SSRI Myth or Fact: If I Start an SSRI, I'll Have to Take It Forever.

Most people with a first episode of depression take an SSRI for a limited period of time, usually a period of several months. General treatment guidelines for a first episode of depression suggest continuing treatment for at least several months after symptoms have improved in order to avoid a relapse.

Depression, however, returns periodically in many people. The same is true for many other conditions that SSRIs treat. For this reason, a doctor may recommend long-term treatment as prevention against future episodes or exacerbations of symptoms.

Bottom Line: Most people take SSRIs for a limited period of time. People with relapsing depression might benefit from long-term SSRI use.

SSRI Myth or Fact: Taking an SSRI Will Make Me Fat.

People react to SSRIs in different ways. Some people taking SSRIs gain weight, while others lose weight. And some SSRIs may make you more likely to gain or lose weight than others.

Bottom Line: SSRIs may cause you to gain or lose weight. It is important to discuss concerns about weight and other side effects with your doctor when considering the available medication treatments for depression.

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SSRI Myth or Fact: An SSRI Will Stop Me From Feeling Anything.

Some people report a general dulling of emotion while taking SSRIs. On the other hand, people whose emotions are shut down by depression describe finally being able to feel again.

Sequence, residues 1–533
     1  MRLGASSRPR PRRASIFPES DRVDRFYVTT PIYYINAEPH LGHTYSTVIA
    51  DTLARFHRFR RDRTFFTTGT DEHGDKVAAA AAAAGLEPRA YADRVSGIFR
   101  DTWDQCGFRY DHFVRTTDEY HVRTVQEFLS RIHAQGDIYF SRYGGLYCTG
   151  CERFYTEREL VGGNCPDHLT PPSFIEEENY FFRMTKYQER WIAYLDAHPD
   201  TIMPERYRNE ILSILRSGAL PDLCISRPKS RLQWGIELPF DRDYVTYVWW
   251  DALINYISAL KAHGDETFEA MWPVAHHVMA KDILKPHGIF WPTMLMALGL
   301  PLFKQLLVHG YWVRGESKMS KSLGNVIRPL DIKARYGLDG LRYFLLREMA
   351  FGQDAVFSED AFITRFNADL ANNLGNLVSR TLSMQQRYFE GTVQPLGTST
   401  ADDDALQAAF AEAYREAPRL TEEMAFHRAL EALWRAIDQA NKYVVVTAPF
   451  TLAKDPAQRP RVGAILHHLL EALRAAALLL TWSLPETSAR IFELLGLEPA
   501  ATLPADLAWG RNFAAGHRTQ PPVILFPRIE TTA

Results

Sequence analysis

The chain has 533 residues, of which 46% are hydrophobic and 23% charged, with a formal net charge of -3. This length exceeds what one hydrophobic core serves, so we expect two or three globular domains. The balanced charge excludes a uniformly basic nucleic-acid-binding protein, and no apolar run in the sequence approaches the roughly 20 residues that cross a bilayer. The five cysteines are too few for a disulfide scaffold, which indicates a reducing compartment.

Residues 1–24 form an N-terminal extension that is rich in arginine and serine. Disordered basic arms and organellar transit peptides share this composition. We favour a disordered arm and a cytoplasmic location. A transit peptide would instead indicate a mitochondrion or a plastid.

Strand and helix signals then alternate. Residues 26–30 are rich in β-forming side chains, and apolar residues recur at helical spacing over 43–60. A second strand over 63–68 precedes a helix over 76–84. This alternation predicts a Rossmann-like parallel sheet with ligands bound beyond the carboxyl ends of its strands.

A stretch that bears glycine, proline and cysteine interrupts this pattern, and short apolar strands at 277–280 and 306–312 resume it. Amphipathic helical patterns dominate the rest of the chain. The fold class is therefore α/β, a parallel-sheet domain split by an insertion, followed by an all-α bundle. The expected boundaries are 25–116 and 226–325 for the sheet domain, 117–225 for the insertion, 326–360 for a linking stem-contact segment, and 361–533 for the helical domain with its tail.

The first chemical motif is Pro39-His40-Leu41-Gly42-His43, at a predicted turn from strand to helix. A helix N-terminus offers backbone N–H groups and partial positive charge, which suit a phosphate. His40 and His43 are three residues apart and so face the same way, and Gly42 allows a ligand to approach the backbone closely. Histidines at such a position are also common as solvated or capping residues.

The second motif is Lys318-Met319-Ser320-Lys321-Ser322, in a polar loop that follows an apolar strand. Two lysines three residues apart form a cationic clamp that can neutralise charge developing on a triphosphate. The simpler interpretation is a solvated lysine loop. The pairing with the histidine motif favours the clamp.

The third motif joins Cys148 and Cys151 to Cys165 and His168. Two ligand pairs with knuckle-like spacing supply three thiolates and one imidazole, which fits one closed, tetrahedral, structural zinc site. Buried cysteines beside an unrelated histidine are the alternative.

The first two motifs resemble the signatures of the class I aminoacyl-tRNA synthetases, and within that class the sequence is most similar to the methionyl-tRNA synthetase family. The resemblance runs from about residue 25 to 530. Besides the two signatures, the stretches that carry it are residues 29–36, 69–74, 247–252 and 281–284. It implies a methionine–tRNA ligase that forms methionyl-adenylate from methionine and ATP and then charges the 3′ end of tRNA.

These are difficult effects to study and are not systematically measured in studies routinely done by manufacturers for submission to the FDA. Again, different SSRIs may create different effects in different people.

Bottom Line: Taking an SSRI can change how you experience emotions. If an antidepressant creates unpleasant feelings, you should discuss it with your health care provider.

SSRI Myth or Fact: Taking an SSRI Will Ruin My Sex Life.

SSRIs do affect libido and sexual experience in many people. Men often experience delayed ejaculation. Men and women may have a decreased intensity or ability to orgasm. Estimates vary, but research shows between 20% and 45% of people will experience some decline in sexual function.

Wellbutrin is a non-SSRI depression medicine that does not diminish sex drive or intensity. It can be taken with an SSRI as an add-on therapy that may provide more potent antidepressant effects, and sometimes may help to reduce sexual side effects of an SSRI. This often helps people experience more normal sex lives. Some of the newer antidepressants that regulate serotonin, such as Viibryd and Brintellix, also appear to have relatively low risks for causing sexual side effects.

Depression and anxiety themselves put the brakes on many people's sex lives. Some people report that lifting of depression brings back their desire for sex.

Bottom Line: SSRIs can cause a decline in sexual function while continuing to take them. Talk to your health care provider to learn what you can do to overcome this frustrating side effect.

WebMD Medical Reference Reviewed by Joseph Goldberg, MD on January 14, 2015

Sources

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News release, FDA.

Hu, X. Journal of Clinical Psychiatry, July 2004.

Sherman, C., Clinical Psychiatry News: "Long Term Side Effects Surface with SSRIs."

Modell, J. Clinical Pharmacology and Therapeutics, April 1997.

Demyttenaere, K., Journal of Psychopharmacology, Feb. 28, 2008.

Anxiety Disorders Association of America: "Anxiety Medication and Children."

Masand, P. Harvard Review of Psychiatry, 1999.

Brody, A. Journal of Clinical Psychiatry, May 2000.

Moore, D. Handbook of Medical Psychiatry, Mosby, 2004.